DESCOLONIZARTE

TUPI VALONGO - Cemetery of the New Blacks and Old Indians

Tupi-Valongo
Cemetery of the New Blacks and Old Indians

Performance / video-art 20’
Anita Ekman and Hugo Germano
24 April /18h30 PM

Teatro do Instituto Goethe Salvador
Conferência Ecos do Atlântico Sul

Agradecimentos

Karl Werner Pothmann

Instituto de Pesquisa e Memória Pretos Novos

ABOUT

In the performance “Tupi-Valongo / Cemitério dos Pretos Novos e Velhos Índios” ("Tupi-Valongo/Cemetery of the New Blacks* and Old Indians”), Anita Ekman retakes the technology of ceramic stamps, developed by the Sambaqui peoples (6.600 B.P), to stamp the skin of the actor Hugo Germano in an environment created by the projections of images of the Cemetery of the Pretos Novos in Rio de Janeiro. The action combines diverse elements to inquire about the Afro-indigenous Brazilian identity.

PS: "Cemitério dos Pretos Novos - Cemetery of the New Blacks in Riode Janeiro* is the name of the largest slave cemetery in the Americas. "New Blacks" or "boçais" were the denominations given to captives from Africa upon their arrival in Brazil. After being sold or learning Portuguese they would be called "ladinos".

Tupi-Valongo / Cemitério dos Pretos Novos e Velhos Índios

Dos 10 milhões de africanos que chegaram às Américas como escravos, 40% desembarcaram na costa atlântica brasileira, milenarmente ocupada por povos indígenas Tupi. O Cais do Valongo, no Rio de Janeiro, foi o porto que recebeu a maior quantidade de escravos no mundo. Os que chegavam mortos ou morriam ao desembarcar eram jogados à flor da terra, no Cemitério dos Pretos Novos. Mesmo local onde anteriormente existiu uma aldeia Tupinambá e um Sambaqui (acumulado de conchas, os mais antigos enterramentos indígenas da costa Atlântica).

Na performance de Anita Ekman, a artista retoma a tecnologia de carimbos cerâmicos para pintura corporal (desenvolvida pelos povos Sambaquieiros há 6.600 anos) para estampar sua pele e a do ator Hugo Germano, que dialogando com máscaras africanas e indígenas indaga sobre a identidade Afro-Indígena brasileira, em um cenário criado com projeções de um vídeo-arte produzido pela artista em parceria com Marcelo Noronha, Maranduva filmes.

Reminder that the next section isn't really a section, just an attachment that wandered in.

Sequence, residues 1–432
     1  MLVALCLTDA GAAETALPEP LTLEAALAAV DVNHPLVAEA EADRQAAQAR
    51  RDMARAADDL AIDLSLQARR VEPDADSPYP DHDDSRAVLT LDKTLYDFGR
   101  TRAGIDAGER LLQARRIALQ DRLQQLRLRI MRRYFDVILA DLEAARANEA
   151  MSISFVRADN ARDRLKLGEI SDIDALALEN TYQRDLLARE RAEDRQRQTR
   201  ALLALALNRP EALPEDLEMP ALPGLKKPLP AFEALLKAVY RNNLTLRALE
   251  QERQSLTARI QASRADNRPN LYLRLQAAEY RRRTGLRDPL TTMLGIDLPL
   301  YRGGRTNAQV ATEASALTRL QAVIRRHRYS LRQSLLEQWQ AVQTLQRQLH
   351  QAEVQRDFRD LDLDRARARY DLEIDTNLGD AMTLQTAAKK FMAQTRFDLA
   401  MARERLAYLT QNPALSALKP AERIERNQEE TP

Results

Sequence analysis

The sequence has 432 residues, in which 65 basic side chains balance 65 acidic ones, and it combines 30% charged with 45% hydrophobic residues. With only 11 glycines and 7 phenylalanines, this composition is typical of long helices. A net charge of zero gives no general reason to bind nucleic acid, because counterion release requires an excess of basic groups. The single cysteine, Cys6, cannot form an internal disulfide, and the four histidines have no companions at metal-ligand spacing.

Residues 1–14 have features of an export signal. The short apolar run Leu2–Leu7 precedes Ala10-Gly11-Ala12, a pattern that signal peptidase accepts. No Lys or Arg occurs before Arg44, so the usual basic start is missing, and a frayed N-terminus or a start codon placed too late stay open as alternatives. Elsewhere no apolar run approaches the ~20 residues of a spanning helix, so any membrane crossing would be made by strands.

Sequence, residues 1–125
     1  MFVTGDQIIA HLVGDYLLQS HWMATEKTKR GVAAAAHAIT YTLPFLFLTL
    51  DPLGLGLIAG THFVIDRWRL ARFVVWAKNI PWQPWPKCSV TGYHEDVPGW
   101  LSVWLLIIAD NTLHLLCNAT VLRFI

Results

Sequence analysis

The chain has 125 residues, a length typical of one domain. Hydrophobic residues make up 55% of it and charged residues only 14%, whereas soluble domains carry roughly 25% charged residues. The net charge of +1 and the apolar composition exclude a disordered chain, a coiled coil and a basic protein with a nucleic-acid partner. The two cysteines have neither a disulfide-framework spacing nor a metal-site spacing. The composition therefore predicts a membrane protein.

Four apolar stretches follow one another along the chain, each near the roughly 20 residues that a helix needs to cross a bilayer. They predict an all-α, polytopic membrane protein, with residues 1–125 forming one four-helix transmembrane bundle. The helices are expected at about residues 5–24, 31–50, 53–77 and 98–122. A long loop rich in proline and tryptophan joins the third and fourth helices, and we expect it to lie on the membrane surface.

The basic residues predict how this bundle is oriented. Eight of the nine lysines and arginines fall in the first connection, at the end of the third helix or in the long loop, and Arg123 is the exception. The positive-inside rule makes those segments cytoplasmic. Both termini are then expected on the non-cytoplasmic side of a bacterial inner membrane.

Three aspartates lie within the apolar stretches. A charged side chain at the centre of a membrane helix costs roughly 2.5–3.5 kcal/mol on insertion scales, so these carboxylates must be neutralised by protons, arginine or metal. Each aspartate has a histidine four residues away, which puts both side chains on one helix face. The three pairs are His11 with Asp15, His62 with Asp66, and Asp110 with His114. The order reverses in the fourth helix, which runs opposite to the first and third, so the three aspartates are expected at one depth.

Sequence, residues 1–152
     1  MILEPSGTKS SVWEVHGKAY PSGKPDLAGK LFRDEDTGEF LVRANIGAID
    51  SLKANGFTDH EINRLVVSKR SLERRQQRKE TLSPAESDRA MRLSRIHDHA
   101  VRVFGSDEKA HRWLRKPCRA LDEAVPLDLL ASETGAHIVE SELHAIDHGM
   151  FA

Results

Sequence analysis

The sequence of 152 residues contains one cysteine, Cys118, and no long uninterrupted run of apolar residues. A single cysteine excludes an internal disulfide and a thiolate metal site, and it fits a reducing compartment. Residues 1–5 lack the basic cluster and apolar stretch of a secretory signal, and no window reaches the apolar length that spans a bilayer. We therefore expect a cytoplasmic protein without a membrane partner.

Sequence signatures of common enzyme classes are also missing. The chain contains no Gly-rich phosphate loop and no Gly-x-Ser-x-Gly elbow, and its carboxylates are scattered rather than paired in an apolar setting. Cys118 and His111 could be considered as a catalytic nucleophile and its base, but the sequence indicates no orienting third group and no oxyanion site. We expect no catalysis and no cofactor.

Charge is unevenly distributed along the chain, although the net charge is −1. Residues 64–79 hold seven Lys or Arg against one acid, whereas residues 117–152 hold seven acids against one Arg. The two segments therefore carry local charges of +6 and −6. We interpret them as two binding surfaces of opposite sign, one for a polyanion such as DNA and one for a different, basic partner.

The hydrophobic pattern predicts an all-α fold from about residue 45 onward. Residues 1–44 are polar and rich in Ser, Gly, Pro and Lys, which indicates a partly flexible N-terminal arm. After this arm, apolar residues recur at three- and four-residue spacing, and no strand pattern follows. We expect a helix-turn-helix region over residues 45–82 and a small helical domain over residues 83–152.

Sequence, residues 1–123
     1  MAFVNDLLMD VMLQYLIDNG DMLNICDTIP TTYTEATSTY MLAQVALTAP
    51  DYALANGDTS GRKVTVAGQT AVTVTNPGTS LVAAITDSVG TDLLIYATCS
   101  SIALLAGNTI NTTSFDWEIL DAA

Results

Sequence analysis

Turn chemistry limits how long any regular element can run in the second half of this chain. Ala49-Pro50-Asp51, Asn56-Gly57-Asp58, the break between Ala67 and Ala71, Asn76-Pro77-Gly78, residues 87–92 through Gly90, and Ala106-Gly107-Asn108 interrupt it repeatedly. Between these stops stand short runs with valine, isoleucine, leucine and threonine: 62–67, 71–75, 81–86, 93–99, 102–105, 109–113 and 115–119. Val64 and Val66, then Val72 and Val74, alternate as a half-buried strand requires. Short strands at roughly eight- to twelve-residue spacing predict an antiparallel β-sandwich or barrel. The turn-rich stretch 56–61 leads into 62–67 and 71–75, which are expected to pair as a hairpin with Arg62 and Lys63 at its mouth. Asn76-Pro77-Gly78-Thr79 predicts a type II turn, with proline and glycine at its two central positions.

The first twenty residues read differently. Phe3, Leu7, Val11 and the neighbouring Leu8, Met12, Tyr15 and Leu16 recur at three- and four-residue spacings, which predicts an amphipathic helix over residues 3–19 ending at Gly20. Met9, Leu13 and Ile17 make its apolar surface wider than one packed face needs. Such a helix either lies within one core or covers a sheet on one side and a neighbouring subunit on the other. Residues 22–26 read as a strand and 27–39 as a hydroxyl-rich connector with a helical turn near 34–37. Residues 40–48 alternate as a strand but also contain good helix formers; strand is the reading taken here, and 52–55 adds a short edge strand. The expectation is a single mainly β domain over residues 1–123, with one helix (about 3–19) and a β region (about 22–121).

MORE - https://www.goethe.de/ins/br/en/kul/sup/echoes/exp.html

Cemetery of the New Blacks and Old Indians

10 million Africans arrived in the Americas, on indigenous lands, to be enslaved. Four million Africans came to Brazil alone... the main destination was Rio de Janeiro, the Pier of Valongo, the largest slave port on earth. It was right there ... in the old Taba Tupinamba, GûyráGûazu`unaê, the village of the Great Black Bird. Imprisoned, dead.

So many blacks were coming ... 20,000 thousand when the more the sun burned in the summer, 25,000 souls arrived in those slave ships, brigantines, galleons, schooners - black men, far more men than women, they counted three or four men for every woman, and very few young girls at all.

They came from Cabinda, Congo, Gabon, Zaire River, Angola, Ambriz, Luanda, Benguela, Mozambique, Inhamba-ne, Guilina-me, Guinea, Mina, they were Tios, Tekes, Lunda-Tchokue, Ambaca Quissamas, Lilobos, Milua, Lunda, Mbunda, Mbwila and Lozi, Guanguelas, Luimbes, Luchazes, Mbwaelas, Mbwila and loz, Macuas, Lagos, Ios, Ngunis, Senas, from the Lower Zambezi Valley.

700 thousand of them came through Valongo. Alive or dead. Many dead. The storehouse did not heal, the storehouse did not heal. They ate dirt, sickened, in disgust Gabon killed itself.

Dead, dead men, six Thousand of them thrown into the ground in the cemetery of New Blacks and Old Indians. Shallow graves.

Down there are sambaqui shells, Indian pottery shards, blue glass, beads, crushed white bones, tortured, burned by whites. But, but, but on the flesh, branded skin, a stamp of fire, tickets on bodies, for the market of souls.

"From the deposit of the new slaves coming from Lourenço Marques, they’re going to bury a boy with an “F” branded onto the left side of his chest, and this body is at the disposal of the Most Excellent Judge of the Crime!"

"On July 18, 1827, Joaquim Antônio Ferreira had a new slave buried with his mark scorched on the right arm, from the Angolan ship ‘Despique’"

"Antonio Cabinda, a sailor of the brigantine ‘Denzegano’, which was transporting a large number of slaves across the Atlantic, fell ill. He died in August 1828 and was thrown into the cemetery of the new blacks."

"In the centre of the cemetery was a mound where the remains of yet-to-be-buried bodies uncovered by the rain could be seen. Naked, they were only wrapped in a sheet, tied over their heads and under their feet. With burials happening once a week, corpses rot, the smell unbearable.

Finally a better solution was found, with the excess of half rotten bodies burnt from time to time".

Pereira, Júlio César Medeiros da Silva. À flor da terra : o cemitério dos pretos novos no Rio de Janeiro / Júlio César. Medeiros da Silva Pereira. - Rio de Janeiro : Garamond : IPHAN, 2007.

FLORENTINO, Manolo. O comércio negreiro e os historiadores. In: ____. Em costas negras: história do tráfico atlântico de escravos entre a África e o Rio de Janeiro (séculos XVIII e. XIX). Rio de Janeiro: Cia das Letras, 1997.

Picture by Anita Ekman. African slave skeleton in Cemitério dos Pretos Novos, Rio de Janeiro 2017.

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